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F.C. Barcelona's New Shirt Sponsor Linked to Controversial Muslim Cleric

F.C. Barcelona's staggering $225 million shirt sponsorship from the Qatar Foundation will likely become a lightning rod of controversy due to the foundation's association with Sheikh Yusuf al-Qaradawi, a Muslim cleric who has justified suicide bombings and called for Allah to kill all Jews, "down to the very last one."

The deal is the biggest shirt sponsorship in all of soccer. It is worth €30 million (£25 million) per season for five years, for a total of €165 million, vaulting the club over recent deals by Bayern Munich, Manchester United and Liverpool F.C., which were all record-setters themselves.

The deal initially caused consternation amongst the club's fans because, unlike all other top-flight clubs, it had never before taken a shirt sponsor. Instead, Barca donated its shirtfront to Unicef, giving the team a certain ethical nobility that others lacked. All that is now out of the window as the club sways under a gross debt load of €442 million. Former Barcelona legend Johan Cruyff said the new deal was "sullying the jersey." In response, Barcelona president Sandro Rosell said:
We concluded that it was better that the payroll get paid rather than not.
This is to plug holes. The economy was worse than what we thought and what they told us.
But it is the Qatar Foundation's links to al-Qaradawi that will likely draw protests in the long run. In 2009, al-Qaradawi said on Al-Jazeera TV:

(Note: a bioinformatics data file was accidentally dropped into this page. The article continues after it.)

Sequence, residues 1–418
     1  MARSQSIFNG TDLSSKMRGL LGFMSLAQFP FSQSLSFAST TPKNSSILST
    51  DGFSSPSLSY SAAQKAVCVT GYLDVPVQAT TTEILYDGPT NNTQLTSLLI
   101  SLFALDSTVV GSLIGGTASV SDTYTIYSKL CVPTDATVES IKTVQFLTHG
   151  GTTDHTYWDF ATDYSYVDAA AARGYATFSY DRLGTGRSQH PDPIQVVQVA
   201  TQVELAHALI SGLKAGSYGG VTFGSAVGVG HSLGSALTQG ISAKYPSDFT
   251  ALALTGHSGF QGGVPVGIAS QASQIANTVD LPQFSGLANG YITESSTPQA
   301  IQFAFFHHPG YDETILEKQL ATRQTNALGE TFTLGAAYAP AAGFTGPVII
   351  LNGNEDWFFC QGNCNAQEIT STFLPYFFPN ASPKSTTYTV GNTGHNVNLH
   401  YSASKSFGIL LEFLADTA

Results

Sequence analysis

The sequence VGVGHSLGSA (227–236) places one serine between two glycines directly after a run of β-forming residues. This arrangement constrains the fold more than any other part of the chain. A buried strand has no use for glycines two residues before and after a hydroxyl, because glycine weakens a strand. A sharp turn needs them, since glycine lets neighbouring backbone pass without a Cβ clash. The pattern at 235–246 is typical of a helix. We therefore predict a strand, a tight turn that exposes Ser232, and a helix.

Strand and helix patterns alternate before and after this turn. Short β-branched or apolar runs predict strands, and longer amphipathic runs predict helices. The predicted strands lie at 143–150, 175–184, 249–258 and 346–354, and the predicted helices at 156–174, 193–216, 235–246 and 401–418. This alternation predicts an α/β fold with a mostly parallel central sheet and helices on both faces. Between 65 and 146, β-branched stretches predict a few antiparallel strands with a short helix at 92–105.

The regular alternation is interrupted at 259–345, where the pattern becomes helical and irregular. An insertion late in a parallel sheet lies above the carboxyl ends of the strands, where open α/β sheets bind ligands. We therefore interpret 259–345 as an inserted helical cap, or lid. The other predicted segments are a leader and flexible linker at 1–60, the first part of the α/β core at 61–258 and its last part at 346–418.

Throughout history, Allah has imposed upon the [Jews] people who would punish them for their corruption. The last punishment was carried out by Hitler. By means of all the things he did to them â€" even though they exaggerated this issue â€" he managed to put them in their place.
This was divine punishment for them. Allah willing, the next time will be at the hand of the believers ...
The same year, also on Al-Jazeera, he called for Allah to kill all Jews:
Oh Allah, take this oppressive, Jewish, Zionist band of people. Oh Allah, do not spare a single one of them. Oh Allah, count their numbers, and kill them, down to the very last one.
As a result of his views on suicide bombing, he is banned from travelling to the U.S. and the U.K. Despite all that, the Qatar Foundation -- which generally supports moderate Islam and links with the West -- opened an "Al-Qaradawi Centre for Islamic Moderation and Renewal" in September 2009. The intent of the center is to fight extremism, but that seems unlikely to happen given al-Qaradawi's statement to the Financial Times this month that he is no longer interested in obeying the law in the West:
"I was for the possibility of bridging the gap between the east and the west but recently I have changed my mind on this issue, especially since the west wants to impose its values and traditions on us," Mr Qaradawi told his congregation at Doha's Omar bin Al Khattab Mosque in a televised sermon in October.
"West is west and east is east. They do not recognise or follow our traditions and customs, so we should not follow theirs," Mr Qaradawi said, echoing Rudyard Kipling, the British author.
Related: Images by Wikimedia Commons, CC; and BigSoccer.
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